UCF DILEMMA: Frost Leaving, Dissed By CFP Committee, Time For UCF To Join Power 5 Conference
By Zach Clark // December 2, 2017
UCF rated No. 14 by CFP Committee's Poll heading into Championship weekend
ORLANDO, FLORIDA – The announcement all UCF fans have been dreading for weeks has finally been made official. Head Coach Scott is leaving UCF to coach his alma mater in Nebraska.
After helping lead UCF to a 62-55 win on Saturday against Memphis for the American Athletic Conference Championship and finishing a perfect 12-0, Frost revealed the worst kept secret that he would be heading back home to Nebraska.
One of the hottest names in the college football coaching carousel has been talked about for weeks and months that this season at UCF would be Frost’s last.
Having been rumored as a top candidate for other jobs such as Florida, Tennessee, Florida State and UCLA, Frost will leave UCF after just his second season as a head coach.
“This has truly been one of the most difficult decisions I’ve ever made,” said Head Coach Scott Frost.
“I’m very proud of what this group of student-athletes and coaches has accomplished during my tenure at UCF. The Knights should be in the conversation for the American Athletic Conference championship year in and year out. UCF should be a Top 25 program year in and year out. I believe this program is well on its way to establishing that level of success. The next head coach at UCF is inheriting an incredible group of young men and is more fortunate than he probably knows to be working at this place.
“I can’t put into words how grateful I am to my team, my coaching staff, Dr. Hitt, Danny White, the UCF administration, Knights fans, the Orlando community and everyone who have supported us. I truly love UCF and I’ll be a Knight for life.”
After taking over an 0-12 team after the 2015 season, Frost managed to catapult UCF into one of the greatest turnarounds in college football history in just two short years.
A 6-7 campaign in 2016 and reaching a bowl game had many in the Black and Gold feeling that UCF’s better days were closer than many thought. Move over to 2017, finishing a perfect 12-0 on the season, while winning a AAC Championship, UCF’s story has been one of the great stories in college football in recent memory.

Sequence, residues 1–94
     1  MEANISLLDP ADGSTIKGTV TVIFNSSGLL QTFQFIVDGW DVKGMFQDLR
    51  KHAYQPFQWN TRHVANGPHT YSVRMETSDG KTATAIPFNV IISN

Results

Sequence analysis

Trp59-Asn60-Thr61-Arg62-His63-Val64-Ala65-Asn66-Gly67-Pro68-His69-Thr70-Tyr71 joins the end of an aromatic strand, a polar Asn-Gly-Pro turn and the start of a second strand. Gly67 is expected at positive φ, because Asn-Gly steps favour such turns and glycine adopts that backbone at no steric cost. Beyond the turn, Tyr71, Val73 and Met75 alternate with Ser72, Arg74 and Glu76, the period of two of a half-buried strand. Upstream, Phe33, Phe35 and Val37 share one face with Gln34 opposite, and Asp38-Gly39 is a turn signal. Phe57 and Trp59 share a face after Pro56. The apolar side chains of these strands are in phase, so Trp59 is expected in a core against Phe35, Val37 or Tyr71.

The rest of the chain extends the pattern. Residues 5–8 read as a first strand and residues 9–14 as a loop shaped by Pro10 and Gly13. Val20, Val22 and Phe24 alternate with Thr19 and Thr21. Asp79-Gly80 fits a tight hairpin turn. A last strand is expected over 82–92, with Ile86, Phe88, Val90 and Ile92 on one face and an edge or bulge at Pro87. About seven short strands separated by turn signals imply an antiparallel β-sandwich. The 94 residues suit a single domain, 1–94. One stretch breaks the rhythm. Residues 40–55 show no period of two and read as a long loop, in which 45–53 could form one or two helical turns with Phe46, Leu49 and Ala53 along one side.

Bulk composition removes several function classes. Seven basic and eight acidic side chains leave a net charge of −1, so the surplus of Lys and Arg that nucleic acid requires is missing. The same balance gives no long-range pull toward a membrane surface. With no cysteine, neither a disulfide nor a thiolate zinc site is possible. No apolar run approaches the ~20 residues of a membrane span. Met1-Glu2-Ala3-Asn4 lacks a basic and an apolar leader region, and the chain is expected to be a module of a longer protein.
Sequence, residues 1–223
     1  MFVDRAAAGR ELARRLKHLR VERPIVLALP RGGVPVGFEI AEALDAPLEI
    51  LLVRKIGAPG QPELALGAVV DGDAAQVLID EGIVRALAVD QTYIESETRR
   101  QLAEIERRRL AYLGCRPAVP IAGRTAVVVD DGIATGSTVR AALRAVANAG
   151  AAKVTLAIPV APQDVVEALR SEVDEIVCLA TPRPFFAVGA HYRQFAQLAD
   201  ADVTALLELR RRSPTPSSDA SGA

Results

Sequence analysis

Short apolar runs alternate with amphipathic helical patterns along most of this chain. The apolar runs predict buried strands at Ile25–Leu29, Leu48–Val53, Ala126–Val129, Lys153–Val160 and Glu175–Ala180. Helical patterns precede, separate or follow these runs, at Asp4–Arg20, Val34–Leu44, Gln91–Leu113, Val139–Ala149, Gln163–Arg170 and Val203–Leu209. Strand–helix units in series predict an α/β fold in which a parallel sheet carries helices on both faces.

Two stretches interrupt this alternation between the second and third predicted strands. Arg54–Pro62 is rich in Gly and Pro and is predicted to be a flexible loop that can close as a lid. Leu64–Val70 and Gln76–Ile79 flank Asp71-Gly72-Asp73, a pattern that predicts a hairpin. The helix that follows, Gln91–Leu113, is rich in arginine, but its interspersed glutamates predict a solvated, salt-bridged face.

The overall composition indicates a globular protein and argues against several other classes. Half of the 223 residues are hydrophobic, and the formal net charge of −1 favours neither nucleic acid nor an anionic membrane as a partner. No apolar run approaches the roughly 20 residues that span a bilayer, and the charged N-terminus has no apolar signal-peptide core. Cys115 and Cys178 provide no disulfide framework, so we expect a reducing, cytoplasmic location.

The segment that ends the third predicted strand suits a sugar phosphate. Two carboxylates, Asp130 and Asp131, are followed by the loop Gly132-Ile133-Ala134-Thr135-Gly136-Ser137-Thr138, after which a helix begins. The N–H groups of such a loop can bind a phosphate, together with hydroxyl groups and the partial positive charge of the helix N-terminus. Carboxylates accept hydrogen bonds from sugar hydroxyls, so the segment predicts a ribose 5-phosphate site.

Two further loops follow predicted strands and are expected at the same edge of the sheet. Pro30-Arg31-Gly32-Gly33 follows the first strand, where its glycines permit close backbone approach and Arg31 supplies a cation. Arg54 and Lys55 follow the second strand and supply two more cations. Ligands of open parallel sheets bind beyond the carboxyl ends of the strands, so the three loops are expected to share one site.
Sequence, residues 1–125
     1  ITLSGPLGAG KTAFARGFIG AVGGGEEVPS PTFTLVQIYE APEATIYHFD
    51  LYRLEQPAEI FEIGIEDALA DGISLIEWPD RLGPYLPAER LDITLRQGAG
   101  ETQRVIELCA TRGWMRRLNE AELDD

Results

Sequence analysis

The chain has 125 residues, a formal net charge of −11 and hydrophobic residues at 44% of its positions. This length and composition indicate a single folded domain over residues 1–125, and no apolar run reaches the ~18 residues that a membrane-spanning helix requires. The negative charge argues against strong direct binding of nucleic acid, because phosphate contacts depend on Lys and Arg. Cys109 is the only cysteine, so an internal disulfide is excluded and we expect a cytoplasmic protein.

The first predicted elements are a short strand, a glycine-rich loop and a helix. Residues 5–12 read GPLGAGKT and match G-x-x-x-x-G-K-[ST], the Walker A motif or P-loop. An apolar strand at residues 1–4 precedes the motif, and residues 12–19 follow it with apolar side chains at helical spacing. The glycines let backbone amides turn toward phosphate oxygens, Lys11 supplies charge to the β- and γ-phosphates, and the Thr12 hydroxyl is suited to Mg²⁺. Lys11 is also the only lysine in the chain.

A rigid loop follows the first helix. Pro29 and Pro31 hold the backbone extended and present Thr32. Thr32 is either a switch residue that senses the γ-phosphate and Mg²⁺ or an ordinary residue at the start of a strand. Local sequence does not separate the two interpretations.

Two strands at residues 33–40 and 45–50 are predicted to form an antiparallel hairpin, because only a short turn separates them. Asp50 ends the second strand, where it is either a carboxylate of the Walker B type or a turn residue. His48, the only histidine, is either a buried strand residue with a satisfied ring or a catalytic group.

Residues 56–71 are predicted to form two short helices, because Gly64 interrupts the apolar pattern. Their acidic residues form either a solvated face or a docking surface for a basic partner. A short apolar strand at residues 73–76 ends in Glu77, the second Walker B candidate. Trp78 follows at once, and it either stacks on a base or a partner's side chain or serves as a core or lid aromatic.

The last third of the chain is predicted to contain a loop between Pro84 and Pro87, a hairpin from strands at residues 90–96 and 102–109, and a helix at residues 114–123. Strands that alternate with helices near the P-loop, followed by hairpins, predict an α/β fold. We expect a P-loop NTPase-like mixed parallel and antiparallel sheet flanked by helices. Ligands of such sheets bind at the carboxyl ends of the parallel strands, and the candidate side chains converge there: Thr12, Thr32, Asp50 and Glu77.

While UCF fans have witnessed a historic season, the special season came with a dose of reality on late Saturday at how cruel the business side of college football really is when Frost broke the news to his team that 2017 would be his last year in the black and gold.
Frost came to UCF known as a offensive genius from Oregon and transformed a UCF team from one of the worst offenses in 2015 to one of the best offenses this year in all of college football.
Frost, having never been a head coach before getting to UCF, got his first head coaching job in one of college football’s sleeping giants, University of Central Florida.
ABOVE VIDEO: UCF AD Danny White’s press conference Saturday night.
While No. 14 UCF does not have the history of success like a Florida, Florida State or a Miami, the school has been built to win now.
With the second-largest student body of any university in the United States, UCF is destined for greatness based on the proximity to some of the best recruiting areas on the map and located in one of the most vibrant tourist destinations in America.
Not to mention, a short drive to some of the best beaches in the United States.